This interview was conducted on May 9, 2019.


Scientist. Artist. Author. Museum Educator.  You have such a fascinating multi-disciplinary career that touches on so many disciplines and genres. For those who may not already follow you, can you share a little bit about the work you do on your own and at the Natural History Museum of Los Angeles County?

I grew up on a farm in the U.K. and literally pretended to be a badger in a hollow tree. I think this helps to give a sense of how my love for nature developed. Then when I was 14 I moved halfway across the world, to the Inland Empire. I didn’t so much experience culture shock, but I did experience nature shock. It wasn’t until I attended university, at UC Riverside, and studied entomology, that I really began to understand my new environment. Through the lives and ways of insects, I began to understand nature in Southern California. After focusing on entomological research for my undergrad, I made a switch to communicating science and got a master’s degree in environmental education. I have since focused my life’s work on connecting people to nature. I prefer to do this work in cities, because I feel that this is where the greatest need and opportunity lies. My work at the Natural History Museum of Los Angeles County centers on getting the general public involved in scientific research on the nature in L.A., through community science. I also work in service to the L.A. River, by advocating for her revitalization. I run picnics on the river, I lead tours along her banks and adjacent parks, and I attend lots of community meetings.

What is the Community Science Program and why is it important for Angelenos to participate?

In essence, community science partners the general public with professional scientists to answer real world questions. The questions we have at the Museum are about nature in Los Angeles. For instance: What species live here and where? What new species are showing up? Are there undiscovered species living here that we don’t know about? How are things changing over time? By partnering with our community, we can ask and answer questions like these, in ways there were not possible before the technological revolution that are smartphones, digital cameras, and personal computers. Many of us literally carry around a tiny computer in our pockets, which we can harness to document nature in our city, county, state and beyond. We can collectively cover a lot more ground–all over the Southern California region–with a lot more eyes/cameras. We can amass a lot more data. With this large data set we are making big discoveries. Our community has helped the Museum discover 40+ new species of flies in L.A, documented the first brown widow spiders in Torrance and Mediterranean House Geckos in Chatsworth.

It was fascinating to learn from your book WILD LA, that Los Angeles is the only city in the US that has a major mountain range running thru it and its claimed as the “birdiest” county in the County with over 500 recorded bird species.   What were some new things you learned about Los Angeles during the research for the book that excited you?

I learned so many things! With my background in entomology, I had a lot of knowledge about insects, but because we cover 101 species in the book, I got to learn about many new species. I wrote the first drafts of two snails, a slug, two mushrooms, a slime mold, and also a lichen. I learned that the local garden snails we see sliming all over town, actually use love darts–a type of biological cupid’s arrow, if you will–to harpoon their mate with hormones that induce mating! I mean how cool is that?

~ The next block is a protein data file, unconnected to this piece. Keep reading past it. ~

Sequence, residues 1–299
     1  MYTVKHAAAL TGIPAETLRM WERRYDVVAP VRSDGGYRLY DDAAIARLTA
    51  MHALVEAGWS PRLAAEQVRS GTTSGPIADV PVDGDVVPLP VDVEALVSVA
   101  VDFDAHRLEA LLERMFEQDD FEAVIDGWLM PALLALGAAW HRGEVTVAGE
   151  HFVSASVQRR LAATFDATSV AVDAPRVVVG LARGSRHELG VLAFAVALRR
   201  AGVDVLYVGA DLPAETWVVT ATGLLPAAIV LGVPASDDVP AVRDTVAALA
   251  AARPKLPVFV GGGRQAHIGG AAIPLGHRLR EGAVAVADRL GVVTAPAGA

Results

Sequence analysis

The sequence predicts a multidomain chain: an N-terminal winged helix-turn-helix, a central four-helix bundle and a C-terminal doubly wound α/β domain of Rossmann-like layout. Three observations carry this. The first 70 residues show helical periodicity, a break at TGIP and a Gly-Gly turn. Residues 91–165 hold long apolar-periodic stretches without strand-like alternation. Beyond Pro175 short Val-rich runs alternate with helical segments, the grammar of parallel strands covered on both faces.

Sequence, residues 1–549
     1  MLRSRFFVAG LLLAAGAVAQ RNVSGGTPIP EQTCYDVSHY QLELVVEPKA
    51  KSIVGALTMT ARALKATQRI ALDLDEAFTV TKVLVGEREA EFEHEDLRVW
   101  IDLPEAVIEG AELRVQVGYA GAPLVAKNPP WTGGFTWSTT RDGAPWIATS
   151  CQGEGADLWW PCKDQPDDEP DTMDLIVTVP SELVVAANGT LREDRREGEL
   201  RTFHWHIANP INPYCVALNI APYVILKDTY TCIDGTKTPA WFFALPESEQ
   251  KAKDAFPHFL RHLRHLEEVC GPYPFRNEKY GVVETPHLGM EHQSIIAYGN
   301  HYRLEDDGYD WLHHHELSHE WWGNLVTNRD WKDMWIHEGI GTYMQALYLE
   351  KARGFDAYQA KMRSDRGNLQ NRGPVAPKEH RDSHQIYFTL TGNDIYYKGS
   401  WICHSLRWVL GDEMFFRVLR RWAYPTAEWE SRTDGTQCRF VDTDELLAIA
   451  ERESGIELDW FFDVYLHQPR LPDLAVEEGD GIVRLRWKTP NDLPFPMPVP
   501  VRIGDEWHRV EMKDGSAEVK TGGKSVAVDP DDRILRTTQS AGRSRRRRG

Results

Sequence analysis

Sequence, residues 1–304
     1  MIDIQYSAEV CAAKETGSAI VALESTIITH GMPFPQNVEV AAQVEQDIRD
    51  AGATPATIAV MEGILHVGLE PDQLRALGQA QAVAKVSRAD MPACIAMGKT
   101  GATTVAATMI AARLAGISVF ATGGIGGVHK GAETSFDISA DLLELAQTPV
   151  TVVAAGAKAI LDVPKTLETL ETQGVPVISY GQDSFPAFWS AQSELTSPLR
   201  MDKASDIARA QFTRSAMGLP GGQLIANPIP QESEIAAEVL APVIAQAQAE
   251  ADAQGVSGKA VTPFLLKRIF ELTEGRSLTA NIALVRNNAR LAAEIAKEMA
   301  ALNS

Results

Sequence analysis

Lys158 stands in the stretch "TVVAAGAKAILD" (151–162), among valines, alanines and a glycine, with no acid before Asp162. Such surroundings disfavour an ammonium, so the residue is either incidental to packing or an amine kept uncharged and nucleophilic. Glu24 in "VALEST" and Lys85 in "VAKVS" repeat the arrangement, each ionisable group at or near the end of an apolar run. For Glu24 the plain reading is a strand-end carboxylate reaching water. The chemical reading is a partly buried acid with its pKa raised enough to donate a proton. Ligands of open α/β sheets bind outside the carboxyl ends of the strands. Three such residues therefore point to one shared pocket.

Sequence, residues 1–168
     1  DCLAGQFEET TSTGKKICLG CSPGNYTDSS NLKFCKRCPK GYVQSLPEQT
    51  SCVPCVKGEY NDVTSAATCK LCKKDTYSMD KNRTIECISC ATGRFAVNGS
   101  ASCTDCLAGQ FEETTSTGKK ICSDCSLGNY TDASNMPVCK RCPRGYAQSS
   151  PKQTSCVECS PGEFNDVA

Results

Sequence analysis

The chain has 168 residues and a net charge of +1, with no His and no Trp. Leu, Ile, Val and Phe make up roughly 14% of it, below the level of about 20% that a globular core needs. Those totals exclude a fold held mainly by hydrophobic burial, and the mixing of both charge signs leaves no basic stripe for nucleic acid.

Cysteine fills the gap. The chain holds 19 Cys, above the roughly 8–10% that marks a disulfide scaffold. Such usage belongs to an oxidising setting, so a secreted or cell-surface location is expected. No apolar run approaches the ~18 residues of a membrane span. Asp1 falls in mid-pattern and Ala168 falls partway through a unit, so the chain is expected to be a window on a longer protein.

I also got to visit and explore the 25 different field trips we highlight in the book. Some of these places were brand new to me. My new favorite is Arlington Garden in South Pasadena. This garden sits on an old Caltrans yard, but now is a haven for wildlife–a place for humans to sit back and enjoy nature in the city.

Travel seems to be a constant in your life. Why is traveling so important to you and your work and what do you look for when planning your next adventure?

Travel is definitely something that feeds my soul. When I was 14 I moved to the U.S.A, on the way we visited the Philippines, where my step-mum is from. That trip profoundly affected my sense of the world, and my place in it. I feel very fortunate to have had this experience at such a young age. I still love traveling today, and enjoy adventuring to new places. However, I have been working to severely limit my travel because of the carbon footprint. Did you know that for one round trip flight from L.A. back to visit my family in London, it emits 3.3 tonnes of carbon dioxide. Which is equivalent to what a meat-loving diet would emit in an entire year! Food for thought indeed.

If you could you take us to any place in Los Angeles County that inspires you most as an artist and scientist, where would you take us and why?

This is easy, it would be the L.A. River in the Glendale Narrows stretch. A section of this part of the river, is one of the two areas on the river where you can kayak, which is one of the funnest nature experiences (IMHO) people can have in L.A.! There are even class I and II rapids here. When I’m not kayaking, I love bird and bug watching. Standing on top of Sunnynook bridge is a great place to do this. You can stand above the middle of the river and see into the willow and cottonwood tree canopies, and spy on the birds and the bees and butterflies too. I also love playing pooh sticks here. Pooh sticks is a game lots of kids play in the U.K. As the name suggests it originates from a Winnie the Pooh book. Each person playing takes a stick and throws it off the upstream side of a bridge. The winner is the stick that comes out the other side of the bridge first. It doesn’t quite work on this very narrow, pedestrian bridge, but I do it anyway!

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